Visiting Scholar Manfredo di Robilant examines dropped ceilings through the rise, the decline, and the rethinking of Modern architecture, and identifies an often neglected battlefield between two efforts: one which sought to maintain symbolic values in architecture and one which refuted the notion that architecture must have meaning beyond itself. The diffusion of the dropped ceiling, which in the postwar years became a “nearly default” solution for non-residential buildings, played a crucial role in this conflict.
The opposition between the task of satisfying material needs and that of conveying symbolic meanings in architecture is implicit already in the Vitruvian triad of commodity, firmness and delight. The history of architecture in the twentieth century makes no exception to the pervasiveness of this conflict, despite the claim of Modern architecture, in search of a rupture with older traditions, to privilege utility.
If many building elements and building solutions could be selected to investigate the relationship or opposition between utility and symbol, ceilings and false ceilings seem to be particularly appropriate. Indeed, ceilings of representative buildings, both civil and religious, have traditionally been used to display symbolic meanings. By contrast, the introduction of the dropped ceiling as a commonplace solution in offices, hotels, and hospitals in North American architecture in late 1940s and early 1950s was implemented by the need to host a rising number of technical systems: air conditioning/heating, ventilating, lighting, telecommunication, and fire detection.
The grid of the dropped ceiling is now nearly omnipresent; its contrast with the ambition of displaying symbolic meanings (religious, political, cultural) on vaults and soffits has become evident in the foreground of the various ‘isms’ that have entered the architectural discourse since the 1970s. The historical roots of the dropped ceilings in the late nineteenth and in the early twentieth century are worth investigating in order to understand this theoretical opposition.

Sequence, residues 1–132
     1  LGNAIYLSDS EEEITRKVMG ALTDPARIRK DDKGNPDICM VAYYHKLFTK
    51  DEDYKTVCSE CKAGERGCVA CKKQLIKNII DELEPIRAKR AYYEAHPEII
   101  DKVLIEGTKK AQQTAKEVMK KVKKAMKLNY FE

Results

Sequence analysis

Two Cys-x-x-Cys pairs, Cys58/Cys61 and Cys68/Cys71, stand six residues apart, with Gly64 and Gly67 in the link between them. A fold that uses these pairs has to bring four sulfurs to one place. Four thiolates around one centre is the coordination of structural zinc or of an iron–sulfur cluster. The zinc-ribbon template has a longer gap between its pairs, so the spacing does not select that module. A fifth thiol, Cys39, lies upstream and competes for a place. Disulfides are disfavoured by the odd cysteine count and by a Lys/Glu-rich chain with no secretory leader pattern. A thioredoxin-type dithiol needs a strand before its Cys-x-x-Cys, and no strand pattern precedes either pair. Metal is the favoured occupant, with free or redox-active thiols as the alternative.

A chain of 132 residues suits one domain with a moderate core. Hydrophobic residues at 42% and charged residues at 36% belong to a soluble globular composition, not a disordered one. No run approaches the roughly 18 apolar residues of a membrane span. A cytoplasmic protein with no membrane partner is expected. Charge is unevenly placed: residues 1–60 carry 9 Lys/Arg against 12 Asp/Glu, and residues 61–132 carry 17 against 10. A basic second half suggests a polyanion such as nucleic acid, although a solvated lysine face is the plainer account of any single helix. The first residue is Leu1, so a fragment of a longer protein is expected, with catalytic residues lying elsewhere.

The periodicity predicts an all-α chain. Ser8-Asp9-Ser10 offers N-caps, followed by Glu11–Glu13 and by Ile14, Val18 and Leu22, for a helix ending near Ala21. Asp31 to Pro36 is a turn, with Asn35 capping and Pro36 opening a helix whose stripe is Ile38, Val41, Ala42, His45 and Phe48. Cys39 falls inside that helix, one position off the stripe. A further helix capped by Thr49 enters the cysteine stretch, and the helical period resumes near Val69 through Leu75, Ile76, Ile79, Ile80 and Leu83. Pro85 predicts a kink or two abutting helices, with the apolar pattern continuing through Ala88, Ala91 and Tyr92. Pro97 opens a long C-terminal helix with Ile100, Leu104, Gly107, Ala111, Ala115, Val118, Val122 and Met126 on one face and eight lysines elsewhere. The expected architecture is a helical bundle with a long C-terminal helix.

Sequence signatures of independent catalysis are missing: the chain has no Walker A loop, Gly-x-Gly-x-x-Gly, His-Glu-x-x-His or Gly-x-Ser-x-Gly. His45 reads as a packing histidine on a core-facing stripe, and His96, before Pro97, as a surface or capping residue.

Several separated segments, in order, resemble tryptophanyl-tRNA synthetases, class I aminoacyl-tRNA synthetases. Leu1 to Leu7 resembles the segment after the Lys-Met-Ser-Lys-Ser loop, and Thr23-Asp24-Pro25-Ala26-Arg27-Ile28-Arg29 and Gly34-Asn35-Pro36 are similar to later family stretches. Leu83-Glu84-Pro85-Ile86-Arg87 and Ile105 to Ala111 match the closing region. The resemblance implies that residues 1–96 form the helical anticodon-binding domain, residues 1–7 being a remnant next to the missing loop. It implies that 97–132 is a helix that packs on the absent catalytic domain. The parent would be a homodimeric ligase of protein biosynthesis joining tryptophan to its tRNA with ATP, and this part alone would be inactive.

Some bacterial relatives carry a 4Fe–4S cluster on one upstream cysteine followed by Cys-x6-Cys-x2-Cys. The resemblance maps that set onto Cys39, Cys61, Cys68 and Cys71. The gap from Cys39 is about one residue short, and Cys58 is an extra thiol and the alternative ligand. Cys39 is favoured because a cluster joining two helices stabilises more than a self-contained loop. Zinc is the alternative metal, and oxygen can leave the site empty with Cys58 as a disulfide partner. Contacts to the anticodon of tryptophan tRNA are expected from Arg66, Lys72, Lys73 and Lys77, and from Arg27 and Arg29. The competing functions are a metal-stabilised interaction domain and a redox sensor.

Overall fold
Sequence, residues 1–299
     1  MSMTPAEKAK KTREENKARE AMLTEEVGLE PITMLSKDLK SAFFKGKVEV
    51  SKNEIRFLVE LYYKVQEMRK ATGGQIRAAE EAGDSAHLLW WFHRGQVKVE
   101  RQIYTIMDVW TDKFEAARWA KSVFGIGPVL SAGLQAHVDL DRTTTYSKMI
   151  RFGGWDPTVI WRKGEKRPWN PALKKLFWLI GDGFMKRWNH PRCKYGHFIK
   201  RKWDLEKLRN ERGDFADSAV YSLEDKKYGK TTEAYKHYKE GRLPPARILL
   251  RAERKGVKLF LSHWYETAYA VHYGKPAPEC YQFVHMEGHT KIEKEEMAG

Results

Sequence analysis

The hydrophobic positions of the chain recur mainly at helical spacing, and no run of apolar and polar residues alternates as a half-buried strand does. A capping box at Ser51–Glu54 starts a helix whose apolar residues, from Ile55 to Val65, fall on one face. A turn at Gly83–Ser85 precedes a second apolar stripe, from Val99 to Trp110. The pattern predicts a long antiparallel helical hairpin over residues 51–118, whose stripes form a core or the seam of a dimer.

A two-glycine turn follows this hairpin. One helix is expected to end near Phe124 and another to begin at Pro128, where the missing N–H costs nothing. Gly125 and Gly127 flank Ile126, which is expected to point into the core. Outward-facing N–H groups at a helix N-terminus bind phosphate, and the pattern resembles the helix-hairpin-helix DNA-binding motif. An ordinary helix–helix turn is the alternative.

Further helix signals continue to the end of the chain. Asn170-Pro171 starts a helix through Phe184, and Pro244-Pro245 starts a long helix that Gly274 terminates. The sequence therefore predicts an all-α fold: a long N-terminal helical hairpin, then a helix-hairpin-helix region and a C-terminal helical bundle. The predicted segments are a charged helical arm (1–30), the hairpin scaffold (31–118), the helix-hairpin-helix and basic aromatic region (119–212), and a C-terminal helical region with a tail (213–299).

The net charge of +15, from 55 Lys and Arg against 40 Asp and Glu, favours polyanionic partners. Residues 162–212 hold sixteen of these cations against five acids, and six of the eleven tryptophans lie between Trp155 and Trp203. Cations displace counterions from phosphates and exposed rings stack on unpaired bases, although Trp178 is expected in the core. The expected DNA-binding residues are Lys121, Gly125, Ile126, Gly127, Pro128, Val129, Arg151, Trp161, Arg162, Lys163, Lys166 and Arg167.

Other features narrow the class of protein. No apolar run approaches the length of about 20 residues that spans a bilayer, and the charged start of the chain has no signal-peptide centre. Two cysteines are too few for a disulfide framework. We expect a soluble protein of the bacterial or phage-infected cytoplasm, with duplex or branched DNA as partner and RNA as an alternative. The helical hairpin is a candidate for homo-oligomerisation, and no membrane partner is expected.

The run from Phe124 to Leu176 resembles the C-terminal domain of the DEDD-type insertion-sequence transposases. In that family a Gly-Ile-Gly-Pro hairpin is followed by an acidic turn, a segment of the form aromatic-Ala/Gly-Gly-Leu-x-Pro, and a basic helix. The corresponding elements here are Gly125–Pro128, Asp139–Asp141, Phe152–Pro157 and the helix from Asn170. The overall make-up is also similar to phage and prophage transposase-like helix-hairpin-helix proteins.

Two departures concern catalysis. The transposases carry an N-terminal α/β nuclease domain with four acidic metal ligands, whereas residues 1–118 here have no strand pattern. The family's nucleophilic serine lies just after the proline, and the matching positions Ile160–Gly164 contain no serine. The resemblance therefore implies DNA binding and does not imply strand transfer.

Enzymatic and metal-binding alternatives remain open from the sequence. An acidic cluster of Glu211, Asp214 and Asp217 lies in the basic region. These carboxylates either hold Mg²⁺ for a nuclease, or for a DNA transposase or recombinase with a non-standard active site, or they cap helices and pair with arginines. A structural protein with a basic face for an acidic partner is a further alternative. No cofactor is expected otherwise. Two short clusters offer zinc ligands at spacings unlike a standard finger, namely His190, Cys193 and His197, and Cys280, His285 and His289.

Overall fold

Manfredo di Robilant is an architect and a scholar in the history of modern architecture. He has taught at the Politecnico di Torino and at the Naba (Nuova accademia di belle arti) in Milan and has lectured at the Politecnico di Milano and at Sam Fox School in St. Louis. From 2007 to 2011, he was assistant to the editor of the monthly Il Giornale dell’Architettura. He is currently working on a research project on the relationship between ceilings and dropped ceilings in late nineteenth and twentieth century architecture, for which he published the article “Looking-up: Nationalism and Internationalism in Ceilings, 1850-2000” in Nationalism and Architecture (2012). Among his other publications are “La memoria ricorrente. Una bibliografia parziale di un termine sensibile” in L’architettura della memoria in Italia, 1750-1939 (2007), “La tecnica e il disincanto, Carlo Mollino docente 1949-1973” (with G. Durbiano), in Carlo Mollino Architetto (Electa, 2006). He edited the Italian version of writings by Werner Oechslin, Le radici tedesche dell’architettura moderna (Allemandi, 2008) and Rem Koolhaas, Singapore Songlines, Ritratto di una metropoli Potemkin (Quodlibet, 2010).
Manfredo di Robilant was a Visiting Scholar at the CCA in 2012.
You can search for everything here—our exhibitions and events, our archives, the library and bookstore, the articles we publish. If you have any questions, please email us at email@example.com.
Sign up to get news from us
Thank you for signing up. You'll begin to receive emails from us shortly.
We’re not able to update your preferences at the moment. Please try again later.
You’ve already subscribed with this email address. If you’d like to subscribe with another, please try again.
This email was permanently deleted from our database. If you’d like to resubscribe with this email, please contact us
Please complete the form below to buy:
[Title of the book, authors]
ISBN: [ISBN of the book]
Price [Price of book]
Thank you for placing an order. We will contact you shortly.
We’re not able to process your request at the moment. Please try again later.